A lot of times I see discussions about whether or not homelabbers should use rackmount servers or tower servers. I’m going to share my reasons for preferring rackmount gear.
No, I don’t mean scaling out a web application or anything like that. I mean physical space. You can pack a lot of power into 42U. Heck, even 12U can hold enough. With the tower form factor, you can’t easily scale up. Stacking 3 or 4 towers on top of each other is unstable (and very unsafe!). Remember building blocks as a kid?
With rack mount servers, they have a large surface area. You can stack 9 2U servers on top of each other and they’re solid as a rock. I would not even attempt to stack 9 towers on top of each other.
Need another reason? Look at major cities for inspiration. One World Trade Center has 3.5 million square feet in a 200 foot square. My local Amazon Fulfillment Center is just over 1 million square feet with dimensions ~1796 feet x ~568 feet.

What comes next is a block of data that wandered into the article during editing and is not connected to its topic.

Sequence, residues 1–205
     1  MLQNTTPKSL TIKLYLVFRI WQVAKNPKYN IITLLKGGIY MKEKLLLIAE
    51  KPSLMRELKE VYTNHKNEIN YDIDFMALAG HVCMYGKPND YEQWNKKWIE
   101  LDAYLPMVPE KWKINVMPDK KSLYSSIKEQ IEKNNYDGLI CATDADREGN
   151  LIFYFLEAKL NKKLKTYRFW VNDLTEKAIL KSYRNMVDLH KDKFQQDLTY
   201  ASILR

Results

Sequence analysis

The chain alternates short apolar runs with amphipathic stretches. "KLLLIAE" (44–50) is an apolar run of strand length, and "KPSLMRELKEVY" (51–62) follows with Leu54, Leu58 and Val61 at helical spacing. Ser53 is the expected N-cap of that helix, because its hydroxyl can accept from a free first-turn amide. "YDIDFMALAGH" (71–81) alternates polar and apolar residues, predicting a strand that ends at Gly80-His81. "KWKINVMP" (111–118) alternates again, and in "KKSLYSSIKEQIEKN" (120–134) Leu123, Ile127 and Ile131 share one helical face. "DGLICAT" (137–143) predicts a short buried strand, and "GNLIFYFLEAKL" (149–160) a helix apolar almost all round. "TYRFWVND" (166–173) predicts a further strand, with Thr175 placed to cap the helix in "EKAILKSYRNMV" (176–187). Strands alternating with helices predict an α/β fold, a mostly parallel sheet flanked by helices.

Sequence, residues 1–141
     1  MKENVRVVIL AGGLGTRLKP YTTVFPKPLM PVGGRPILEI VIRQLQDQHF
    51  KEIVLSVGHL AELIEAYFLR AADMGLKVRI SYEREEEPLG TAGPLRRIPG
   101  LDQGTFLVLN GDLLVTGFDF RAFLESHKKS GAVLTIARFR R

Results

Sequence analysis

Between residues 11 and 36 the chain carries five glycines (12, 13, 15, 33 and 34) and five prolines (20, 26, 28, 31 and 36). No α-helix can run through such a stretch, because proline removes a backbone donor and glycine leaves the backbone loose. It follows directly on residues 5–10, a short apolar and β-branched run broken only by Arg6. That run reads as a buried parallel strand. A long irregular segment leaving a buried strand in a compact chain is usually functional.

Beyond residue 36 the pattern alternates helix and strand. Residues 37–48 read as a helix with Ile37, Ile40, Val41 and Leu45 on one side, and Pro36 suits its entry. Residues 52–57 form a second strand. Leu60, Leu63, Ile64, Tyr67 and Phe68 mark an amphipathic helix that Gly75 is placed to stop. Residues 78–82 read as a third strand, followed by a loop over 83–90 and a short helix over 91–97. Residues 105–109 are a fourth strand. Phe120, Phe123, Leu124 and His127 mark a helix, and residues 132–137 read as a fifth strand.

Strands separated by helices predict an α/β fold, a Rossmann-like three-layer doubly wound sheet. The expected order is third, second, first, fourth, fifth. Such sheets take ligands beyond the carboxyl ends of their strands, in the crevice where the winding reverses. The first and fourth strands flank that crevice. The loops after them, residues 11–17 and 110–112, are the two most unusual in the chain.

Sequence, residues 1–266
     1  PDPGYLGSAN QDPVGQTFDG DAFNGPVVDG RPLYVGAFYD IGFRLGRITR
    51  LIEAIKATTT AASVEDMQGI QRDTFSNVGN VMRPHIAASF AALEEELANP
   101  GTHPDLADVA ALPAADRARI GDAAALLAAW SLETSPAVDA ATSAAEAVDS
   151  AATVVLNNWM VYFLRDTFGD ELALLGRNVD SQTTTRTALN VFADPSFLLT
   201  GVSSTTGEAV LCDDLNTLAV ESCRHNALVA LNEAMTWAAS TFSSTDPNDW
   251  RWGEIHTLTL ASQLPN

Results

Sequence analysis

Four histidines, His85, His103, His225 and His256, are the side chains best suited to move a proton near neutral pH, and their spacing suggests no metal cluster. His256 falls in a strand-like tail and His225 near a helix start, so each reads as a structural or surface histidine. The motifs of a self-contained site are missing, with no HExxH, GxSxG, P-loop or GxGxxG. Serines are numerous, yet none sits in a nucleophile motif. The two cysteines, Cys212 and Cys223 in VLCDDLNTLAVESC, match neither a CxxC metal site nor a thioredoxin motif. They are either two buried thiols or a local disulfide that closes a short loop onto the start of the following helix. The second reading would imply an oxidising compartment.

Simply put: I can cram in more compute in less space.
It’s all standard
Good old AT&T brought us the 19 inch rack as we know it today, all the way back in 1922. Let’s ignore the Western Electric 23-inch standard as it isn’t that common. They defined a rack unit as 1.75 inches which is the height of 1U. So a 2U server is 3.5 inches. That means no matter what brand, a rack mount server is always going to be the same width which makes them stackable, even outside of a rack.
Towers have no standard. Yes, the motherboard inside has a standard, but the actual case does not. You can have a Micro-ATX motherboard inside a huge case. And a lot of cases will be extra tall to fit things like lots of drives. Put two ATX cases side by side. I bet they won’t match up unless they’re the same make and model.
Rack servers have better managed airflow. That means the front is intake, the back is exhaust. With my server rack, I can easily channel all that hot air and vent it elsewhere. With a large stack of towers, that’s not happening unless they were all in a single room.